bsc Fri 27-Dec-19 17:07:03

Why bother with a qualification for 16yos that he will eventually do anyway? The while point of being able to programme is that you can create anything... What is he waiting for?

Pipandmum Fri 27-Dec-19 17:14:34

Only people I know who did GCSE (a year) early were children taking language exams in their own language and self taught. They did it so had less exams or could do the usual amount of exams in Y11 but have the extra qualification. The private school did not offer tuition the kids had to do that themselves but did take the exams with the other students.
It seems your child can do work on his own and take exams in the usual time, I can't see how doing it early helps him particularly.

Shoeshelpplease Fri 27-Dec-19 17:15:48

Yes some great points. Sounds like a bad idea.

It was his idea. He is a super bright kid. Was put up a year in his state primary as they couldn't cope with him. It was a good school but they didn't have the resources to allow him to thrive.

We moved him to independent school in year four and he has thrived with al the breadth they have offered. Including music, drama, languages and yes mainly tech.

He is now at a fantastic senior school that leads on tech (v few text books, everything on iPads, computing not a discrete subject but integrated into all they do).

He is building his own website, volunteering on local tech projects but he really wants something to work towards (his words).

I see the GCSE would be a bad idea though now.

OP’s posts: |
Shoeshelpplease Fri 27-Dec-19 17:18:53

I should probably be having this conversation with his teachers, thanks for the steer.

OP’s posts: |
Comefromaway Fri 27-Dec-19 17:22:36

There is almost no advantage.

One boy in dds school who had lived in France for 3 years did GCSE French in Year 10; then did AS level in Year 11. Another friend of hers who was at a private school did Greek as an enrichment GCSE (she is a genius in the proper sense of the word) and I know that the same school occasionally enters phenomenally bright children who are guaranteed the highest grade into maths a year early and they then start AS level early.

But these are complete exceptions.

CanIHaveADrink Fri 27-Dec-19 17:26:50

What he is doing is exactly what he should be doing !
The school is going to find it hard to give him more ‘to learn’

ErrolTheDragon Fri 27-Dec-19 17:29:57

Computing has a project element (developing code, writing report type of thing) , so it wouldn't just be a matter of 'taking the GCSE early' anyway - I'm sure it would need active input from the school.

https://www.aqa.org.uk/subjects/computer-science-and-it/gcse/computer-science-8520/programming-project-administration

DelurkingAJ Fri 27-Dec-19 17:32:41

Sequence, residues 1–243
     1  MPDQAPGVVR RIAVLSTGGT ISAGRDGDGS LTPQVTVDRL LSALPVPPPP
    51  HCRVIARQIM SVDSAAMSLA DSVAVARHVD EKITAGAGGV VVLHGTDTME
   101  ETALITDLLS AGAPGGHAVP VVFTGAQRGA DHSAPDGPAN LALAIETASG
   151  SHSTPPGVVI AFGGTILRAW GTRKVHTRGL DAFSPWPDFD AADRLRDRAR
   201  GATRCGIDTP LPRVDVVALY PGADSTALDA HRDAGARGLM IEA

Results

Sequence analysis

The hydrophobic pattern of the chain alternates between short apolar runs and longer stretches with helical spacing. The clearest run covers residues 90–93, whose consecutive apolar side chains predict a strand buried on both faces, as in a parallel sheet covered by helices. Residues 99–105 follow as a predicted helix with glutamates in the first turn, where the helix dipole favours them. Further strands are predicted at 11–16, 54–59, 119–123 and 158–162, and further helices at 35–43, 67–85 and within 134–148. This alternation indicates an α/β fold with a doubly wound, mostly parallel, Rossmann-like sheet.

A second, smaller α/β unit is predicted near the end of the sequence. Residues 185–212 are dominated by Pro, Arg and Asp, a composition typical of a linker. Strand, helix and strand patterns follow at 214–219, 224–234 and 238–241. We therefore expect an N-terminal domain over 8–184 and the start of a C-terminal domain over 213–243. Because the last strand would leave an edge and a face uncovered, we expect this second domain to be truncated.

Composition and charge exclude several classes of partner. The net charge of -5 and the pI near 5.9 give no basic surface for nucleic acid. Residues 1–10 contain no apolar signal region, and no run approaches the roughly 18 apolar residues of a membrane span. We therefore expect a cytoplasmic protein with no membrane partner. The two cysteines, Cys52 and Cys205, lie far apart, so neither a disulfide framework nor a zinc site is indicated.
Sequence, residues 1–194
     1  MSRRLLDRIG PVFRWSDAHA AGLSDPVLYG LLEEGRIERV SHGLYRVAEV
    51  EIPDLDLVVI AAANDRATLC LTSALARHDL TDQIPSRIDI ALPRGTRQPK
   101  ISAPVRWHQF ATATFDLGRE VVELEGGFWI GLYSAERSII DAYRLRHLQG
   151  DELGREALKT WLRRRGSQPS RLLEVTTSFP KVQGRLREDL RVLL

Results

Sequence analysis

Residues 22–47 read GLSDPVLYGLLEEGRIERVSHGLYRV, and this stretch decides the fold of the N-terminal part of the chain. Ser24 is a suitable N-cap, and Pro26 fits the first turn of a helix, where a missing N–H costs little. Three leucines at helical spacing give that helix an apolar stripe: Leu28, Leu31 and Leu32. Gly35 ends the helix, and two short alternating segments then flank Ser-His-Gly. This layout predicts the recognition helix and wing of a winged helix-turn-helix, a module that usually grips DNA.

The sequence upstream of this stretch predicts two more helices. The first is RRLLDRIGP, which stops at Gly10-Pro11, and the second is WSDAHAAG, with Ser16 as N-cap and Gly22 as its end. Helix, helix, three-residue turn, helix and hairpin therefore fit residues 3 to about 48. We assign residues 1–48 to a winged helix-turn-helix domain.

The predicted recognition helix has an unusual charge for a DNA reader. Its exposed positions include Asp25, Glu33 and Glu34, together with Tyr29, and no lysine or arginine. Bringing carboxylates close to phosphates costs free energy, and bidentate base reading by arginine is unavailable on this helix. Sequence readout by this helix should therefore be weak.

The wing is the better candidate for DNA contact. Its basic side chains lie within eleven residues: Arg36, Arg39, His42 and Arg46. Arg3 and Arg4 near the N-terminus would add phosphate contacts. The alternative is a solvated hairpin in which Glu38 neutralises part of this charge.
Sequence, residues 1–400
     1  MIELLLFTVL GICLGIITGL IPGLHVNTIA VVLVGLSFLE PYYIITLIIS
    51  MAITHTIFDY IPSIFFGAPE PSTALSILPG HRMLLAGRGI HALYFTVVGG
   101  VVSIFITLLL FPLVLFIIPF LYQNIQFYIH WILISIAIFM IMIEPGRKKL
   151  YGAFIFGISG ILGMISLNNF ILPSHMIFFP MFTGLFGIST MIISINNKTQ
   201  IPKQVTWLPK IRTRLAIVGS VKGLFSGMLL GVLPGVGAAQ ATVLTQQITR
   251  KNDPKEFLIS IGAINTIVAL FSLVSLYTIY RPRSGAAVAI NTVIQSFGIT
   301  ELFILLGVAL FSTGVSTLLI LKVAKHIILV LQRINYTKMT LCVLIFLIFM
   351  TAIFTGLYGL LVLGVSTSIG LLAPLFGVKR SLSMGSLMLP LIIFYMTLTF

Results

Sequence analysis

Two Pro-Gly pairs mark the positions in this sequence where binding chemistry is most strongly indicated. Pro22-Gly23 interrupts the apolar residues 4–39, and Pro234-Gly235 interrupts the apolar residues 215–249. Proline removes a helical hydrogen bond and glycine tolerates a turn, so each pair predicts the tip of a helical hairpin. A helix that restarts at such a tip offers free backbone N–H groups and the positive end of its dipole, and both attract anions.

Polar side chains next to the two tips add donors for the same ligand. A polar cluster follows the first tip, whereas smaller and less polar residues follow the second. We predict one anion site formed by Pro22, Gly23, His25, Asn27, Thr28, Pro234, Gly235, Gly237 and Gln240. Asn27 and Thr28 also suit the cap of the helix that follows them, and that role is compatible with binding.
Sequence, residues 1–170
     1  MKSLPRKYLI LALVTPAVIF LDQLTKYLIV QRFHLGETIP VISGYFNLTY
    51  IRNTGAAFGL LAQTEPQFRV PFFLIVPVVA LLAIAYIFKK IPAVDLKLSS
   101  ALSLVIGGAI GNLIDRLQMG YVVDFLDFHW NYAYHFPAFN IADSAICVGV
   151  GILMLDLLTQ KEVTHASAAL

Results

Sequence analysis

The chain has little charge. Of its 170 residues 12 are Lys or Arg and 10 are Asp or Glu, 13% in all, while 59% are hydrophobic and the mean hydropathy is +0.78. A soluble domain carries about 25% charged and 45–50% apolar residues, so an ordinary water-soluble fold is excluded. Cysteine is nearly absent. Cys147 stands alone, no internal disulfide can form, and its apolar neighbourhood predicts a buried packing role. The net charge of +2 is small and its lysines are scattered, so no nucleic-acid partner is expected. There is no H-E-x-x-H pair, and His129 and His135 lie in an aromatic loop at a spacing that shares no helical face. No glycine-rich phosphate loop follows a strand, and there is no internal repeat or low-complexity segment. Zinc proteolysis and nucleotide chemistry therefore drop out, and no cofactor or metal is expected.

We all did Eng Lang a year early (mid 90s) and I am still grumpy that I got an A (got an A* in Eng Lit the next year so I suspect the additional year’s maturity might have let me get the A*). Can’t see an upside unless a child is bilingual.

clareykb Fri 27-Dec-19 17:35:26

Interestingly DH who works in computing reckons that really solid good grades in maths is more important for University level computing and employment than computing gcse and A level. Loads of schools I know of do maths early and further maths in y11 would that be an option?

Comefromaway Fri 27-Dec-19 17:38:30

Computing has a project element (developing code, writing report type of thing) , so it wouldn't just be a matter of 'taking the GCSE early' anyway - I'm sure it would need active input from the school.

Yes, Ds is taking it and they had to complete so many hours under supervision.

MomOfABeast Fri 27-Dec-19 18:52:56

The reason is he is absolutely mad on computing, loves coding for example and anything tech. It's his passion and his hobbies and main interest. This is no reason to do a GCSE early. Computing is a great hobby that happens to be great for his future. It's very easy to progress independently at computing in his own time. For kids that are really excelling in a subject the GCSE syllabus doesn't offer much challenge - it's just learning the very basics and repeating them parrot fashion. He probably could do it early but there would be no benefit.

He should work his way through the Euler problems (he can google it) in whatever language he likes, focus on his maths as he'll need it for top uni's to do CS. Have a look at some coursera courses. When his maths is better he could do the Stanford machine learning course which is straight forward but really informative. If he happens to be in London he could try an SMP course which are great.

TeenPlusTwenties Fri 27-Dec-19 19:33:06

I expect things have changed a lot in 40 years, but I just set myself my own challenges.
e.g. Enter date of birth and a year and it told you what day your birthday would be. Or a prime number generator. (I preferred algorithmic stuff.)

cantkeepawayforever Fri 27-Dec-19 20:44:35

Some of the GCHQ CyberFirst opportunities may be of interest?

here